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Topic: Can you really have complete control over an LED matrix with multiplexing? (Read 2250 times) previous topic - next topic

Sathi

Forgive me if this question has been answered before, but I have searched and have either not found it,
or understood it when I did see it.

So I have built a 4x4 array and have wired it up with common rows and coloumns so it can be controlled
with only 8 inputs. It works, but I don't understand how I can generate certain patterns. I understand
how controlling a single LED works, and rows and blocks, but not certain arrangements. Take the following:

X = LED OFF    0 = LED ON

   C1   C2   C3   C4

A1  X    X    X    X
   
A2  X    X    X    X

A3  X    0    X    0

A4  X    X    0    X

What is illogical to me is how could coordinate A3,C3 be off. If column C3 is activated in order
to light the led at A4,C3, and A3 is activated to light the leds at A3,C2 and A3,C4, would A3,C3 not be lit? Thanks.

-Sathi

Grumpy_Mike


Sathi


That makes perfect sense. Thank you, great tutorial!

So my 4x4 array is actually composed of common anode rgb leds. I only hooked up the blue ones so I can understand
how this works without the added complexity of color. But I have been wondering all  along how I would get more
than 7 colors since the entire row would share the pwm and I would not be  able to control the color of an led individually. Now that I have read this tutorial, it makes sense how I can do this since I only have to worry about one column at a time.

I hooked the 4x4 up to a 74HC595 as a learning process. I've been searching for a good explanation on how to
simulate pwm over a 74HC595 but it is confusing to me so far. Do you know of a tutorial on that as good as the last one?

In general I am finding working with the shift register kind of confusing. In the example you gave me, the walking bit is represented by the actual pins of the arduino stored in an array and incremented. That is easy for me to understand. But since I am both sourcing and sinking on the same 74HC595 I am having difficulty conceptualizing a function such as:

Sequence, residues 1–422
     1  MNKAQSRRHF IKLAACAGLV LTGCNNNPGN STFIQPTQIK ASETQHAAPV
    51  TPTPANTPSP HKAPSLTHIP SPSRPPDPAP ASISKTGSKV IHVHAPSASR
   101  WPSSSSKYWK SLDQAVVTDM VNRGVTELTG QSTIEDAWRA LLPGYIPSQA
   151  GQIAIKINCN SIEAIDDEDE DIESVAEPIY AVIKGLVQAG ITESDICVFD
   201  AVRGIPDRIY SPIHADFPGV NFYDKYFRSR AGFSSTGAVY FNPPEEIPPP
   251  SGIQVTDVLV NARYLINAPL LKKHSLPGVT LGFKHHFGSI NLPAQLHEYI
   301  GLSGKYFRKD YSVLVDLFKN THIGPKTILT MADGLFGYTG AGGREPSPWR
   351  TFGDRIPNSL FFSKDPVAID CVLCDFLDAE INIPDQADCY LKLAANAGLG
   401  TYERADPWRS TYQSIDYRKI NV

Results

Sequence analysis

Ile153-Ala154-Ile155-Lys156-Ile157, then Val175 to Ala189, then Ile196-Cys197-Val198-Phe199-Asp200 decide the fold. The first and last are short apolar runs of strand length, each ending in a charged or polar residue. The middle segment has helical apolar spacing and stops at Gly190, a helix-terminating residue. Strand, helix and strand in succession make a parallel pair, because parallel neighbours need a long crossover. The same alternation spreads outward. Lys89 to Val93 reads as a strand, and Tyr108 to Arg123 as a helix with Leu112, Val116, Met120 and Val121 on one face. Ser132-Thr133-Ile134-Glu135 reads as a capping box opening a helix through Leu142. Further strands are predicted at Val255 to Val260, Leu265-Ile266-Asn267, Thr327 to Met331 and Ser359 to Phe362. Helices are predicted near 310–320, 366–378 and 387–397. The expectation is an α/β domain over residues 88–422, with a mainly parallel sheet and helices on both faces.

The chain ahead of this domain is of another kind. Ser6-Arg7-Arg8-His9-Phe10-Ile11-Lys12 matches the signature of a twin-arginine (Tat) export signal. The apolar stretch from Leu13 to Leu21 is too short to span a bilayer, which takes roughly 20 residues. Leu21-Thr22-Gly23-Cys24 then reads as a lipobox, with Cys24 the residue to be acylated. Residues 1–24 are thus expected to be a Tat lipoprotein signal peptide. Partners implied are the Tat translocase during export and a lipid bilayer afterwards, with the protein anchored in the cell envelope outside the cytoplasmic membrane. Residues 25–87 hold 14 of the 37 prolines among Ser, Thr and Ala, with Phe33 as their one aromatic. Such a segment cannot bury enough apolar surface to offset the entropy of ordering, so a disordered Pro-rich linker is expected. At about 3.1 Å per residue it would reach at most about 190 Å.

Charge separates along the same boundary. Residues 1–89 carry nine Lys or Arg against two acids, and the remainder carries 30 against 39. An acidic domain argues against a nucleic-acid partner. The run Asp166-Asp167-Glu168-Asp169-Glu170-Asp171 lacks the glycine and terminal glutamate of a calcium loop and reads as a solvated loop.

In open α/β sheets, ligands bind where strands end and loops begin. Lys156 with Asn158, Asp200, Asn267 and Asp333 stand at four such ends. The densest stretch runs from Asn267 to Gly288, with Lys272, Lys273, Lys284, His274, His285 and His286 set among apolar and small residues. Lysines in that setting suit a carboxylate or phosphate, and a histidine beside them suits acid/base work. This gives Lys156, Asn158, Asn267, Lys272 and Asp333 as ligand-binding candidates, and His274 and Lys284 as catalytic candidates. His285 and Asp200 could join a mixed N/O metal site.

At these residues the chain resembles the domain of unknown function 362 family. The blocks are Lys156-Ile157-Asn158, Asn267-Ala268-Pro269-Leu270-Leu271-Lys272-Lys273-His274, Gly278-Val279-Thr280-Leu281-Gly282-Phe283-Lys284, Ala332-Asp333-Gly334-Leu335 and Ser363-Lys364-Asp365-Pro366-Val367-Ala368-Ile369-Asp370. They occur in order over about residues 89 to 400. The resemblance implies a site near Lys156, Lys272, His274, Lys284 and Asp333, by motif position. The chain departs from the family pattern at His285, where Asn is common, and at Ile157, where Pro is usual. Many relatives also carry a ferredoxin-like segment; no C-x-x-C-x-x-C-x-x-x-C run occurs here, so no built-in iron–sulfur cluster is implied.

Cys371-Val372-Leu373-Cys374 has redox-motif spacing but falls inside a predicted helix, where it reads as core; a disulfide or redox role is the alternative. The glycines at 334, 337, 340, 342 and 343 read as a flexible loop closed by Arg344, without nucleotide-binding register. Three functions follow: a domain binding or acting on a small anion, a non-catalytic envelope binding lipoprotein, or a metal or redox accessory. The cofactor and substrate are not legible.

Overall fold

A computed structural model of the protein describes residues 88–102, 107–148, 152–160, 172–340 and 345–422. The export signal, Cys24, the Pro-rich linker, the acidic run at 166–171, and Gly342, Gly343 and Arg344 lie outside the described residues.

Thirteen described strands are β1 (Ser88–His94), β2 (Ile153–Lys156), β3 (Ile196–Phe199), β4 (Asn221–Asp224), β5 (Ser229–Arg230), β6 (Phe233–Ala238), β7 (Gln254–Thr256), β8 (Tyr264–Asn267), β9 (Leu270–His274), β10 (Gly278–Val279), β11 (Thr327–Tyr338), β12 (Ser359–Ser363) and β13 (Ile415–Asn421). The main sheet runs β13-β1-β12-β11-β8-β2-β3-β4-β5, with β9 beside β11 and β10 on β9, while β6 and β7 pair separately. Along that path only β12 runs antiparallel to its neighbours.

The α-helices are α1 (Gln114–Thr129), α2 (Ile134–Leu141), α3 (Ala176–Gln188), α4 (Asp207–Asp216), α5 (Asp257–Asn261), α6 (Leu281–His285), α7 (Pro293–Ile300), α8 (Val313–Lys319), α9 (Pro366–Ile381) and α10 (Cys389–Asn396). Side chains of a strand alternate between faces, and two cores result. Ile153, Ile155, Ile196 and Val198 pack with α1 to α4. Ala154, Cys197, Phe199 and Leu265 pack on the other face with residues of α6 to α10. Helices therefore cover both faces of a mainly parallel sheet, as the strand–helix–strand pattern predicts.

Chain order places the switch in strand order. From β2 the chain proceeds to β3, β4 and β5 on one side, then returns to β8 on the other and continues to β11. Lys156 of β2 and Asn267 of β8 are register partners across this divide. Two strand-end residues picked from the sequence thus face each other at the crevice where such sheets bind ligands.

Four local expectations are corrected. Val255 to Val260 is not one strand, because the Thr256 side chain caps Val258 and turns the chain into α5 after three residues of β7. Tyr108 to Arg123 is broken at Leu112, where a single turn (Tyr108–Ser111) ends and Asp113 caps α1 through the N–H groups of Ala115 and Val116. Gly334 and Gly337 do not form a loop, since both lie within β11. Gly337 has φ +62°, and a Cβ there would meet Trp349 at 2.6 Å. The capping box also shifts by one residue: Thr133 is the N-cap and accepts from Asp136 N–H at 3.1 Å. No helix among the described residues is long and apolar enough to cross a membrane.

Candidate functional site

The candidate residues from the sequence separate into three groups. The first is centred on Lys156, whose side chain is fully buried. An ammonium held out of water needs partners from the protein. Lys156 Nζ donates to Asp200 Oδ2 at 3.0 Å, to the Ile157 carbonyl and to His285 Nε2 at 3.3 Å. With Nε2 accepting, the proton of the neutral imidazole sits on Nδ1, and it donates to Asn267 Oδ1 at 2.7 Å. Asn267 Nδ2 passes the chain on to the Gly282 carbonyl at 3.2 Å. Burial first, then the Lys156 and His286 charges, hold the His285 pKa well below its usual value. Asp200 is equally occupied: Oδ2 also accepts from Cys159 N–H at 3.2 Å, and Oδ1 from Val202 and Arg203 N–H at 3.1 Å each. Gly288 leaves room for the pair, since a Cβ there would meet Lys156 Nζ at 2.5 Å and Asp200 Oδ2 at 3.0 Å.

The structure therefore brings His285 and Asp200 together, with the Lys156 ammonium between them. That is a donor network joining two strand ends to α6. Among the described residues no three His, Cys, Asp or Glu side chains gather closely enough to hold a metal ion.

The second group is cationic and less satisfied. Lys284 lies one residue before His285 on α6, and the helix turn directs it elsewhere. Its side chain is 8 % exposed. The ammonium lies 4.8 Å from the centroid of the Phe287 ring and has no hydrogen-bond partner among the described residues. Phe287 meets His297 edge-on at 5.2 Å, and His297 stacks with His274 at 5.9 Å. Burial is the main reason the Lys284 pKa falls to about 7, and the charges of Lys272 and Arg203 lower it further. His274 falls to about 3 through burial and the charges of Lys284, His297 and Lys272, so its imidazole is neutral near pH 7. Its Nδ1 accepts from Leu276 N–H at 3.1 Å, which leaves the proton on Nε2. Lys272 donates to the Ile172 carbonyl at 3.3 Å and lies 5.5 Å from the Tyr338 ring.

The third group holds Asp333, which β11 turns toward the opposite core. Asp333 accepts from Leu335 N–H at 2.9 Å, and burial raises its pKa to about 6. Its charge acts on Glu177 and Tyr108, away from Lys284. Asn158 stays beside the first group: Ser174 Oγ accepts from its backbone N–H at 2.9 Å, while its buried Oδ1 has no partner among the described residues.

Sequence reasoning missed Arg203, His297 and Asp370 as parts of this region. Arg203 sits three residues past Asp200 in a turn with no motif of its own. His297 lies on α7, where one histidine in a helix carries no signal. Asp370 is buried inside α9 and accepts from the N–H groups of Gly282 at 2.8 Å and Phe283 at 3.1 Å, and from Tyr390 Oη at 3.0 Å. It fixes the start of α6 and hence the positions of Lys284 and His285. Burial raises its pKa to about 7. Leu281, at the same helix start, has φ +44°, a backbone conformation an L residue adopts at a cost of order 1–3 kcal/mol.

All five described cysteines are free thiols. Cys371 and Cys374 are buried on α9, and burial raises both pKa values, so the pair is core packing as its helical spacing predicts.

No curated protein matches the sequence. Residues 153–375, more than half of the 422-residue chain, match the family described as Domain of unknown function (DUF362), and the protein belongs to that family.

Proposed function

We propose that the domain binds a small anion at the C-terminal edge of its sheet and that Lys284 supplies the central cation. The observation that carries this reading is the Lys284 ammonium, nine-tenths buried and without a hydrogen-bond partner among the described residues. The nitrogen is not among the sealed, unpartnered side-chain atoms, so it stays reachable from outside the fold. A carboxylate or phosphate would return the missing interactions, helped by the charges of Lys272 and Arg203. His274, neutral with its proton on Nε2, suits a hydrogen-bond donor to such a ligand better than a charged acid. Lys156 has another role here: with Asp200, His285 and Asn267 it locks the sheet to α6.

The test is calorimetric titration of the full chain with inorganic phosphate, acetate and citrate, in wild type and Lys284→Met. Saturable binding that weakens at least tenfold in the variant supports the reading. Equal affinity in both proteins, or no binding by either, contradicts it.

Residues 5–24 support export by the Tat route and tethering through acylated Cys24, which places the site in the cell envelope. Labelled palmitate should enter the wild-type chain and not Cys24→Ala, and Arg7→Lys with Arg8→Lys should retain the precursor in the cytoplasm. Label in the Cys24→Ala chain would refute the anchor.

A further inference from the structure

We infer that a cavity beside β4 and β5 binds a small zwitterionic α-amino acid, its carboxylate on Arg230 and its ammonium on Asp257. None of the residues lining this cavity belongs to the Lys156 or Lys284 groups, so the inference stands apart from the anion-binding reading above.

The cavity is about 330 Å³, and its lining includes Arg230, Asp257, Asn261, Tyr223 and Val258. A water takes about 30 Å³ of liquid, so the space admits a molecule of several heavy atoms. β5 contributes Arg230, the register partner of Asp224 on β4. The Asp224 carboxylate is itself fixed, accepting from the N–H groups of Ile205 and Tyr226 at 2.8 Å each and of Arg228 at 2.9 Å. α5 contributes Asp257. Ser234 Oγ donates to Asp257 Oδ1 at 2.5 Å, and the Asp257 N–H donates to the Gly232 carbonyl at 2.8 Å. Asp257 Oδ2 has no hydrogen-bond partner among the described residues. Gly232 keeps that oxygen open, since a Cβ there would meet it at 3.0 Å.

turnOnLed(2,3) and it converting that input into a byte of 01001101. I know what I want to convert it to, just not the method. Any suggestions on what I need to read up on? I have looked at bitwise operations, but am having trouble understanding how to use it to get the right values where the sinking and sourcing values are contained in the same byte. I actually find the 8x8 array easier to understand because with two 74HC595, the byte is not shared. Thanks for your help.


Grumpy_Mike

One way to control the brightness of each LED is to use a LED driver chip like the TLC5940. You can use one of these and multiplex it as well.
While this is not a tutorial it is a project I did making an RGB 4 X 4 matrix.
http://www.thebox.myzen.co.uk/Hardware/Mini_Monome.html

Sathi

Thanks for the great link. I've been able to work out a function that will refresh one row at a time. Now if I wanted to control this as an RGB array, and have full color control over each LED, would one LED have to be refreshed at a time, instead of one row at a time? I can't think of another way to do it.